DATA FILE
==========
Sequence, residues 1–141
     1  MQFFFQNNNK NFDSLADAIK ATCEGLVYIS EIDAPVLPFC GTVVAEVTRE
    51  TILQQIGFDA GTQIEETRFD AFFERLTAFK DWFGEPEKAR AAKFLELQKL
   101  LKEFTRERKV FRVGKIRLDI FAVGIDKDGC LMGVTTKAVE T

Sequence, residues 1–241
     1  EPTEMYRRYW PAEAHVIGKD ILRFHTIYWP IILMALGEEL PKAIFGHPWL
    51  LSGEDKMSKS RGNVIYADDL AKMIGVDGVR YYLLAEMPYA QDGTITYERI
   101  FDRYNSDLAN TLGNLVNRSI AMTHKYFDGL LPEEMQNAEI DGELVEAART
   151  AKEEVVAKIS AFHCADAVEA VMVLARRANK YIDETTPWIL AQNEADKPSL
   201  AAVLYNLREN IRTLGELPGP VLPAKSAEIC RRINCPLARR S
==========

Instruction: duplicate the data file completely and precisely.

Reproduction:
Sequence, residues 1–141
     1  MQFFFQNNNK NFDSLADAIK ATCEGLVYIS EIDAPVLPFC GTVVAEVTRE
    51  TILQQIGFDA GTQIEETRFD AFFERLTAFK DWFGEPEKAR AAKFLELQKL
   101  LKEFTRERKV FRVGKIRLDI FAVGIDKDGC LMGVTTKAVE T

Sequence, residues 1–241
     1  EPTEMYRRYW PAEAHVIGKD ILRFHTIYWP IILMALGEEL PKAIFGHPWL
    51  LSGEDKMSKS RGNVIYADDL AKMIGVDGVR YYLLAEMPYA QDGTITYERI
   101  FDRYNSDLAN TLGNLVNRSI AMTHKYFDGL LPEEMQNAEI DGELVEAART
   151  AKEEVVAKIS AFHCADAVEA VMVLARRANK YIDETTPWIL AQNEADKPSL
   201  AAVLYNLREN IRTLGELPGP VLPAKSAEIC RRINCPLARR S